Holes on Hydrangea Leaves – Reasons & Treatments

Hydrangeas are flowering plants known for their large, vibrant blooms. They sometimes develop holes in their leaves. Various factors, including pests, diseases, and environmental stressors, can cause these holes. Understanding the reasons behind the damage is crucial for maintaining the health and beauty of hydrangea plants.

holes in hydrangea leaves

What are the Most Common Causes of Holes in Hydrangea Leaves?

Hydrangeas are popular flowering shrubs with big, colorful blossoms. Sometimes, their leaves develop holes. Holes in hydrangea leaves can be alarming as they may signal health issues for the plant. Understanding the most common causes is important for gardeners who wish to keep their hydrangeas healthy.

  • Pests: Tiny insects like slugs, aphids, beetles, and caterpillars often eat the leaves, causing holes.
  • Disease: Fungal infections can cause spots that turn into holes.
  • Physical Damage: Wind, hail, or accidental contact can tear the leaves.
  • Nutrient Deficiencies: Poor soil can weaken the leaves, making them easier to damage.

By identifying the cause, a gardener can take the right steps to protect their hydrangeas and ensure that they thrive.

Pests Eating Hydrangea Leaves

There are three common pests on hydrangeas, that can cause holes in the leaves, or they can eat entire leaves, leaving hydrangeas partially or completely defoliated.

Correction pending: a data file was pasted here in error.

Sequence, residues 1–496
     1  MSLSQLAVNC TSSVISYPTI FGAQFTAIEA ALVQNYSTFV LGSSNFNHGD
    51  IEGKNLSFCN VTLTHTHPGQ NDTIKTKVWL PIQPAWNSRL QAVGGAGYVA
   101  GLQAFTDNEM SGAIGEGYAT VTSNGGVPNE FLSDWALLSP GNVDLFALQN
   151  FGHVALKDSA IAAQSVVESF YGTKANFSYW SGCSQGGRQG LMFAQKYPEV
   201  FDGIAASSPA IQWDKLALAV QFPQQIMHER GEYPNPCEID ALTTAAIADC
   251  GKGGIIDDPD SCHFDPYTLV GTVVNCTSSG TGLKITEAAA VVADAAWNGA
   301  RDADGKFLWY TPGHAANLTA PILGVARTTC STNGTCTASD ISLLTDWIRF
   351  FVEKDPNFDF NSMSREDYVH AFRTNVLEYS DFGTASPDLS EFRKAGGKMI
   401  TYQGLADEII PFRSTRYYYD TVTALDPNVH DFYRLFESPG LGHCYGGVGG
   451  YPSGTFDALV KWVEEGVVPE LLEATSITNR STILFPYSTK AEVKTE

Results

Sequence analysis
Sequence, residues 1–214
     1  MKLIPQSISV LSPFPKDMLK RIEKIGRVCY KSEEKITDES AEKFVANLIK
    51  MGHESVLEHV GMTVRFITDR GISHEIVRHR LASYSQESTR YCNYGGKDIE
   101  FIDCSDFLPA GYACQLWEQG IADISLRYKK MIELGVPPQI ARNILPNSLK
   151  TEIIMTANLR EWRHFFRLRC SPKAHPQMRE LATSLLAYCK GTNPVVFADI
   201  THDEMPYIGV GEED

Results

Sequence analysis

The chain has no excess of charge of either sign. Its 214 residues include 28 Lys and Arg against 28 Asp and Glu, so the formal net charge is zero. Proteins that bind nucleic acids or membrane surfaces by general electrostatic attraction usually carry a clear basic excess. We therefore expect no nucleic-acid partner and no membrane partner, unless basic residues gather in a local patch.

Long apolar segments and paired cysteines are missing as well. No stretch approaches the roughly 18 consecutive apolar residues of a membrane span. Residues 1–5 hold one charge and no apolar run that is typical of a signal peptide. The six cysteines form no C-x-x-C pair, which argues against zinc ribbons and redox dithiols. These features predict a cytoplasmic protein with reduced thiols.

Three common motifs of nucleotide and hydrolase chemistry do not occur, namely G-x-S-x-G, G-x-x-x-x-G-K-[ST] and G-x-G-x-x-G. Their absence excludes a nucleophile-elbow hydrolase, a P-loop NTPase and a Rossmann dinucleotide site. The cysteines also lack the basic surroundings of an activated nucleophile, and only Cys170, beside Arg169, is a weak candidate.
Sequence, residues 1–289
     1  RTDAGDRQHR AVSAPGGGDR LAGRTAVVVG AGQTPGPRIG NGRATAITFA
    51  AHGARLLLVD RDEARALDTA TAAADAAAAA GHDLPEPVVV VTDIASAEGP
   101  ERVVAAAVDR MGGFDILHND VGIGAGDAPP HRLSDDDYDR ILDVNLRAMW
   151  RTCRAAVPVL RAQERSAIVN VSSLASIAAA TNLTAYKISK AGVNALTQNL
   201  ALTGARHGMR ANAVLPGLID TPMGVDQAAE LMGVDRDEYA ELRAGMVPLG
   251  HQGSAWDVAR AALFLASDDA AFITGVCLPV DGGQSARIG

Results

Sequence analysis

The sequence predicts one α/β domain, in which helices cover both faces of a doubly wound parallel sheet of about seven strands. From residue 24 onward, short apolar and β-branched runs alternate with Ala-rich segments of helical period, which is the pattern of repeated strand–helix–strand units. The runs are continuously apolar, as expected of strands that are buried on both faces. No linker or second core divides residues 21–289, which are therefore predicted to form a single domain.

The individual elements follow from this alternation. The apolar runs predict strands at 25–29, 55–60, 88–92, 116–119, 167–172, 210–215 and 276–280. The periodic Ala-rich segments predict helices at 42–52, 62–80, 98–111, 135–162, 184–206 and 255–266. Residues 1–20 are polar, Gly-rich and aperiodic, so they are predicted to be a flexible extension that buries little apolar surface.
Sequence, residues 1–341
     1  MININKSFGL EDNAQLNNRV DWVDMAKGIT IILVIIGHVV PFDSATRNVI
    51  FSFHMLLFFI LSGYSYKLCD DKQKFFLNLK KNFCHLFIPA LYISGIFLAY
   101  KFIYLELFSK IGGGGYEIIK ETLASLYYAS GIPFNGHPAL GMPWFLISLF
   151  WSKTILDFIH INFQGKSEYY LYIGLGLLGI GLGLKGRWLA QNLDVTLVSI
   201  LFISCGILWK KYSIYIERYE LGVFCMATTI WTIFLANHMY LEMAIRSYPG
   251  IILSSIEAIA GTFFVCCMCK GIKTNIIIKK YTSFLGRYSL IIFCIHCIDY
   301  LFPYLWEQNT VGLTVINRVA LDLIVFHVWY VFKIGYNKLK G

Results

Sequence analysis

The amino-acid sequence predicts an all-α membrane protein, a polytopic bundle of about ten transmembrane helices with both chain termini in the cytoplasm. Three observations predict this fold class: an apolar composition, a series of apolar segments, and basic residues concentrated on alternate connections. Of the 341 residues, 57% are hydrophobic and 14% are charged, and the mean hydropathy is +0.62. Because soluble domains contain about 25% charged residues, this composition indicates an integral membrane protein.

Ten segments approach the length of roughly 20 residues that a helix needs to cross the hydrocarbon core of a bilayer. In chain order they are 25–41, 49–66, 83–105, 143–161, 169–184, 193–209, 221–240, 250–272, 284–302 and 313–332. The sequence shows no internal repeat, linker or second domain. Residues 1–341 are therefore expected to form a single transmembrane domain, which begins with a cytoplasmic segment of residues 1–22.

– Slugs

Slugs are one of the culprits when it comes to holes on hydrangea leaves. While slugs primarily feed on decaying materials, when not available, they will not shy away from hydrangea leaves.

They prefer cool, wet conditions, so the moist soil of hydrangeas is a welcoming environment for them.

Slugs are mostly active at night, so if you suspect that the holes on your hydrangea’s leaves are caused by slugs, you should check the shrubs at night to confirm.

But even in daylight, you can identify them by the trail of shiny mucous they leave behind on the leaves.

Slugs will devour leaves by working inward from the edges. Young growths can be chewed down all the way to the stem.

They can hide in crevices, under mulch, dense vegetation, and reproduce rapidly, so they can and will cause trouble if not properly dealt with.

– Caterpillars

Caterpillars are another threat to hydrangea leaves. Of all the caterpillars, the leaf-tier or celery leaf-tier moth’s larvae are especially fond of hydrangea leaves.

These primarily attack Annabelle’ hydrangea (Hydrangea arborescens ‘Annabelle’) and other smooth hydrangeas.

Besides munching on the leaves of hydrangeas, they also have the habit of gluing together hydrangea leaves. This is a smart defense mechanism from potential predators.

These caterpillars morph into a chrysalis in 10 days or so, then turn into adult moths after a week or so.

The moth then lays eggs again in late fall on the stem of hydrangeas, where the eggs overwinter, and in spring the whole process starts anew.

– Rose Chafers

These are a type of beetle that you’ll usually find on roses, but they also attack hydrangeas and many other flowering plants.

Unlike the other pests I discussed, rose chafers take to the blooms of hydrangeas particularly, but they also eat leaves, causing holes on them.

You can identify rose chafers (Macrodactylus subspinosus) by their tan bodies and long orange legs.

You’ll find them munching on the blooms and leaves of your hydrangeas, leaving behind large irregularly shaped holes.

Now that you can identify the pest causing holes on hydrangea leaves, let’s see what you can do about protecting hydrangeas from these pests or treating an ongoing infestation.

Protect Hydrangeas from Pests

The three main culprits causing holes on hydrangea leaves and bloom are slugs, caterpillars and rose chafers. Here’s how to get rid of each and prevent them from coming back.

How to keep slugs away: